Would you refuse to remove your shoes until the light for the seat belt is not lit anymore while aboard an airplane as a passenger — and would that be considered more of a safety ritual than a superstition?
What are Superstitions, Anyway?!?
The meaning of superstition is defined by Oxford Dictionaries as “a widely held but unjustified belief in supernatural causation leading to certain consequences of an action or event, or a practice based on such a belief.”
The origins of some superstitions are unknown — perhaps they form from paradigms and experiences while still developing as children — yet there are people who will faithfully follow them in the belief that they will ultimately avoid having bad things happen to them.
For example, FlyerTalk member QF WPadmitted to “wearing a 9ct gold 747 on a chain around my neck – bought it in 1989 from a jewellery store in Zurich, Bucherer. On the day of flying, I always ‘rub it’ for luck (to ward off the evil thoughts of things like delays, cancellation, missing flights, crashing, etc).” In justification of that ritual, QF WP credits suffering from few delays and missed flights — and no aborted landings — as a result.
Perhaps superstitions emanate from actual occurrences which seem to have no basis for happening. Consider the experience of FlyerTalk member MeLuvMiles, who posted that “I was staying in this one Embassy Suite on central MA, and at night the TV kept on coming on. I kept shutting it down but of course it was turned on again. This happened 6 or 7 times over the course of the night.” Although FlyerTalk members offer their possible explanations on the causes of the experience of MeLuvMiles, what if there was no plausible explanation? Does superstition become validated?
“Travel is chock full of little superstitions, fluky talismans and fateful traditions, such as retiring the flight numbers of crashed planes. Of 102 airlines tracked by SeatGuru.com, 25 around the world have no Row 13s on their planes”, according to this article written by Scott McCartney for The Wall Street Journal in his column called The Middle Seat. “Before it merged with United Airlines, Continental Airlines avoided the number 13 religiously: no gate 13s at hub airports, no row 13s on airplanes.”
The article — which includes the rituals of passengers patting the exterior of the aircraft just before boarding and kissing the fuselage — continued with: “Veterans from the airline say the triskaidekaphobia followed the crash of Flight 1713 in Denver in 1987. ‘After that, a lot of 13s were taken out of Continental Airlines,’ said an executive who worked there at the time.”
Habitual practices which contribute to safety procedures should not be confused with superstitious acts, of which there is no plausible explanation. For example, I always check to see where the inflatable life vest — if the aircraft is equipped with them — is located during the safety presentation at the beginning of a flight in case of a water landing. If I were to rub my arms three times on the armrests before the aircraft departs from the gate on every flight, that could be considered superstitious — unless I just happened to get my arms dirty before boarding the aircraft and rubbing them would be a bizarre form of cleaning them.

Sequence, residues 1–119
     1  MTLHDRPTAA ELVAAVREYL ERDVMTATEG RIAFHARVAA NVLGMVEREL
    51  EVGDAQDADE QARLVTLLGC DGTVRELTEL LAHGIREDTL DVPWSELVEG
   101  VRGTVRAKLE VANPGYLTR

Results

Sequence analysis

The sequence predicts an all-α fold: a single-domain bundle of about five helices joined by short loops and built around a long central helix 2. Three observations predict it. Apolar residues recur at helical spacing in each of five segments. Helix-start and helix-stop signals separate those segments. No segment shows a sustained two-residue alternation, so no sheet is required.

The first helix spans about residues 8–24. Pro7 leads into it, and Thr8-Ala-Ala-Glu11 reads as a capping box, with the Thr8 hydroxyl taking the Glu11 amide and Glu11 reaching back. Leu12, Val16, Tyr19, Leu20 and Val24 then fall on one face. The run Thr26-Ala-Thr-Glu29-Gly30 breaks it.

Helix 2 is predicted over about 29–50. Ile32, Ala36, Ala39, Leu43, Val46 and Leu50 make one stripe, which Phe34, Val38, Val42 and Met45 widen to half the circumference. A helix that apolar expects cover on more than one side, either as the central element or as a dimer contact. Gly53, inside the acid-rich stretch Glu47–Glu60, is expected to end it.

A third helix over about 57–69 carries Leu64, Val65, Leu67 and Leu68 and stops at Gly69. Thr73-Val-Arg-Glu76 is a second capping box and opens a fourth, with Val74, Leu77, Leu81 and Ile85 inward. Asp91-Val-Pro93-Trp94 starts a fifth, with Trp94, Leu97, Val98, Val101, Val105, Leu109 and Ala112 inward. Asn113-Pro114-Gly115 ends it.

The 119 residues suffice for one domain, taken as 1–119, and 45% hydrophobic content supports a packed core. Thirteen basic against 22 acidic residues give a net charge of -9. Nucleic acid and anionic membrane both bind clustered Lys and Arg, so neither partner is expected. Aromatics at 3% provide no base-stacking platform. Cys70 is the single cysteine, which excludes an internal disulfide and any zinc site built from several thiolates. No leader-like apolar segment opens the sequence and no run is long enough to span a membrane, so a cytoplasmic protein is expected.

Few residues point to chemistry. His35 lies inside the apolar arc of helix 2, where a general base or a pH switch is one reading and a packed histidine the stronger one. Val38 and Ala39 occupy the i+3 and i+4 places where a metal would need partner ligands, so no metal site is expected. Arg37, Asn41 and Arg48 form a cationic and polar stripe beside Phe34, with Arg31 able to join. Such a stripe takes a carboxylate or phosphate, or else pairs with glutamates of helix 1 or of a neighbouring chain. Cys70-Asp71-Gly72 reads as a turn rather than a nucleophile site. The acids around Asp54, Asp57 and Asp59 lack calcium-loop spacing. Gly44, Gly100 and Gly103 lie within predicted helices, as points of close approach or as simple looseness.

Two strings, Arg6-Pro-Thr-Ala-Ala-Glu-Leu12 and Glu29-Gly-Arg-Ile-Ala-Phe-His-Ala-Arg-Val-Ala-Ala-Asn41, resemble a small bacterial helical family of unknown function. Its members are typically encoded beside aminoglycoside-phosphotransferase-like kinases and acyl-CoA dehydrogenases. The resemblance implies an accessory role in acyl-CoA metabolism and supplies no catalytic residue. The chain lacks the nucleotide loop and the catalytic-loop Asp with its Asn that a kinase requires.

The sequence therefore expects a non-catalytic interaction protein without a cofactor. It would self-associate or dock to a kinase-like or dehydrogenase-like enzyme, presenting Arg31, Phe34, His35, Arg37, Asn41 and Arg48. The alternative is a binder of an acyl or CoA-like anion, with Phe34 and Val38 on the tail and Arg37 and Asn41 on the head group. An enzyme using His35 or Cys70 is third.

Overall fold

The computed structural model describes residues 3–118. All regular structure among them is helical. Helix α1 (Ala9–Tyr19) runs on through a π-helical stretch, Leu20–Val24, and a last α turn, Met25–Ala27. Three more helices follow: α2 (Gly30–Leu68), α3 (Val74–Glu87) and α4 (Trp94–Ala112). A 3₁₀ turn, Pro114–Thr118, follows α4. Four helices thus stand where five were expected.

It is also important to define the distinction between superstitious rituals and actions based on tradition. When Scott McCartney contacted me to interview me for the aforementioned article, I warned him that what I do on an airplane — such as listen to particular songs at specific times during a flight — are traditions which evoke pleasurable memories for me and are therefore not superstitions. Please click here if you are interested in reading about more details regarding the music to which I prefer to listen when I travel as a passenger on a commercial airplane and why.
Rituals can also form from past experiences — such as always wanting an aisle seat instead of a window seat so that there is easy access to the lavatory, to use a bad example. Perhaps that particular passenger had a bad experience where he or she sat in a window seat and the passenger in the aisle seat was blocking access out of the row, leading to that habit. That is still not a superstitious act.
In numerous articles which I have written, I have professed that I wash my hands often to prevent illness — and it works well for me, regardless of whether this prevention is merely psychosomatic. Washing my hands more often than the average person is certainly not a superstitious ritual for me.
I never ascribed to the aversion of the number 13. When a fellow FlyerTalk member sent a private message to me to give me the “thumbs up” on my being interviewed by Scott McCartney — whom I have met more than once — of The Wall Street Journal, I responded by saying that it is difficult for me to be superstitious when considering that I once lived right off of exit 13 of a limited access highway; there were 13 steps on both staircases in the house I lived in for 15 years; that the numbers of the ZIP code in which that house is located adds up to 13; and that both telephone numbers of that house had the number 13 in it.
In fact, I not only have no problem sitting in a seat located in the thirteenth row of an airplane or staying in a room on the thirteenth floor of a hotel property, but would actually do so on purpose. I really never did understand triskaidekaphobia — the fear of the number 13 — by travelers or companies in the travel industry.
Have you witnessed fellow travelers performing inexplicable rituals, such as dancing a jig or kicking the door just before boarding an aircraft? Do you perform what can be considered superstitious rituals yourself? Can performing acts steeped in superstition actually result in perceived benefits, ward off potential disasters or unwanted disruptions, or improve the travel experience?